The mean rating for all KSU classes included this analysis is 3.49, but this should not suggest that instructors of half of KSU’s courses are taught by ineffective instructors. Instructors in 63% of all classes received ratings of either Agree or Strongly Agree from all students who responded to the instructor effectiveness item, and instructors in 82% of all classes received at least 80% Agree or Strongly Agree responses. Instructors in only 6% of all courses received ratings of Agree or Strongly Agree from no more than half of the students in the class.  For more information, refer to this blog post on KSU's CETL website.

  • KSU began using Digital Measures Course Response in Fall 2010 to collect student ratings online for all courses.  As of Spring 2014, KSU distributed a total of 762,350 electronic forms to students in 30,854 classes, saving paper and staff processing time compared to the previous paper forms.

    In Spring 2012, the KSU Faculty Senate approved the inclusion of two multiple-choice items on all ratings forms, one item oncourse content and one on instructor effectiveness.  Students rated each of these items on a 4-point scale (1=Strongly disagree, 2=Disagree, 3=Agree, 4=Strongly agree):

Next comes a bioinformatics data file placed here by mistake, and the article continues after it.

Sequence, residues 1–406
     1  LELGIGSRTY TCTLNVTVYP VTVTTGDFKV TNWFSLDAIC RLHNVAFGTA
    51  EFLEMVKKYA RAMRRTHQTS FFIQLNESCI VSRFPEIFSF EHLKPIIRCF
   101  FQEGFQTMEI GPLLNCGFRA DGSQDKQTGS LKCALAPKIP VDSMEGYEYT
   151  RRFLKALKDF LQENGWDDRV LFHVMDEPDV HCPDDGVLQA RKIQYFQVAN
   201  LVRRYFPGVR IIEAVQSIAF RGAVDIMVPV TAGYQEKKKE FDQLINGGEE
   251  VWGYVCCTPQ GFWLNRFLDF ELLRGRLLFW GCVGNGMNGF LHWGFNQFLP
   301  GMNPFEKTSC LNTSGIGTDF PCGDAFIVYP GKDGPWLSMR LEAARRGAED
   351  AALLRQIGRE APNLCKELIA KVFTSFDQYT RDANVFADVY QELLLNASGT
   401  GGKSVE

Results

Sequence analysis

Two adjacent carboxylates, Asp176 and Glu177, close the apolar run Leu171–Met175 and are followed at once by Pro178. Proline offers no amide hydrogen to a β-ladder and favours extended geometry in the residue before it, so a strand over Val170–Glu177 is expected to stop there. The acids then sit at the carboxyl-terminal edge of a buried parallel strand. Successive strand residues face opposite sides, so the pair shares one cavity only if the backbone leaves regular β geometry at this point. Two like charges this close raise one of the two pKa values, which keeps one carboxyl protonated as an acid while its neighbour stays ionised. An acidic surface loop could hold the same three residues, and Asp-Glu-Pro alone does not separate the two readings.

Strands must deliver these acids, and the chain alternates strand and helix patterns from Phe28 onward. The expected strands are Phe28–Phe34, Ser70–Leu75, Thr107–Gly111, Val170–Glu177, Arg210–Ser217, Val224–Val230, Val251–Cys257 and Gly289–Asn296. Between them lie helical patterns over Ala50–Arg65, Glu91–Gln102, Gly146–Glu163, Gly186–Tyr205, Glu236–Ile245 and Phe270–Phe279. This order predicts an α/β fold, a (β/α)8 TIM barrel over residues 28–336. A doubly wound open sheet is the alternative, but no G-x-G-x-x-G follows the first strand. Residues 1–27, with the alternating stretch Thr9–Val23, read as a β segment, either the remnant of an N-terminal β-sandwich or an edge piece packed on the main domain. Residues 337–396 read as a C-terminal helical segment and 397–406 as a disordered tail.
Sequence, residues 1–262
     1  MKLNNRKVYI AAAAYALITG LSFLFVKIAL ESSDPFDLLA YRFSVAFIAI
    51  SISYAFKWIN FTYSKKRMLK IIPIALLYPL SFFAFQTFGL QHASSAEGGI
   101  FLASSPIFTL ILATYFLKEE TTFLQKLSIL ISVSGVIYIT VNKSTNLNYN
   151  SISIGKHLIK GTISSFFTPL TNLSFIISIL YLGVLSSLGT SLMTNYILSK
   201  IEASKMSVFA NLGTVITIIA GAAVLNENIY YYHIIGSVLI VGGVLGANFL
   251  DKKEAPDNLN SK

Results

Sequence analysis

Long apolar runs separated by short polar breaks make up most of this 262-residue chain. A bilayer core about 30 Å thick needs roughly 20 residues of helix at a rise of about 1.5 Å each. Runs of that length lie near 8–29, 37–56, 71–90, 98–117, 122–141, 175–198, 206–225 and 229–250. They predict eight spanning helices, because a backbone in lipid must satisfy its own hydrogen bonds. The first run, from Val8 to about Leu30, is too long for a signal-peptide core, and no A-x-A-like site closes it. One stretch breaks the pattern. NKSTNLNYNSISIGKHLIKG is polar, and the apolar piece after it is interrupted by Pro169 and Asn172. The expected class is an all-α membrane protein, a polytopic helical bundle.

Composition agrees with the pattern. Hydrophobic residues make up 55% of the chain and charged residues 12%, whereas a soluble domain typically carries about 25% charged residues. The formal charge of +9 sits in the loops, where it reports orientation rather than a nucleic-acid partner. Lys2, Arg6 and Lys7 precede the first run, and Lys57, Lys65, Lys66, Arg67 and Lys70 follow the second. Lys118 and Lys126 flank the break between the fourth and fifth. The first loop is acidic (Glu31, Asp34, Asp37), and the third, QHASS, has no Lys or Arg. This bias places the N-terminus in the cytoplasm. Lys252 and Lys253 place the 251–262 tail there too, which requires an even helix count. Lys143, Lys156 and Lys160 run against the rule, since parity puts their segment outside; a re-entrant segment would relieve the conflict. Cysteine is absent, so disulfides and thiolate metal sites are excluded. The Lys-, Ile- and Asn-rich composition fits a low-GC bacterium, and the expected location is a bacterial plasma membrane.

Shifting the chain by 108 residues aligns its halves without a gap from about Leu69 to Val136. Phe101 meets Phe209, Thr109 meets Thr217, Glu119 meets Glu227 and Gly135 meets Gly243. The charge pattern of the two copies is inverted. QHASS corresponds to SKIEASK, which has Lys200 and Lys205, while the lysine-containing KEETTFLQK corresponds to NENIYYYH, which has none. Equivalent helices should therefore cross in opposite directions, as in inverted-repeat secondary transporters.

“Overall the content of this course contributed to my knowledge and intellectual skills.”
    “The instructor was effective in helping me learn.”

    This report summarizes analyses of the reliability of student feedback on these two items collected from Spring 2012 through Spring 2014.  During these semesters, KSU distributed a total of 481,013 electronic forms to students in 19,072 classes.  Students visited the Digital Measures Web site to provide responses to a total of 171,023 of these forms, for an overall response rate of 35.6%.  Students who visited the Web site also had the option to decline completing a form.  During these semesters, students actively declined to complete 6,427 forms; as a result, the total number of completed (answered + declined) forms is 177,450, for an overall completion rate of 36.9%. 

    Summary of results in the report:

    • Students have given high average ratings to both course content and instructor effectiveness.
      Approximately 90% of students responded “Agree” or “Strongly Agree” to each of the items. 
    • Across classes, the average (mean) ratings of course content and instructor effectiveness have also been high.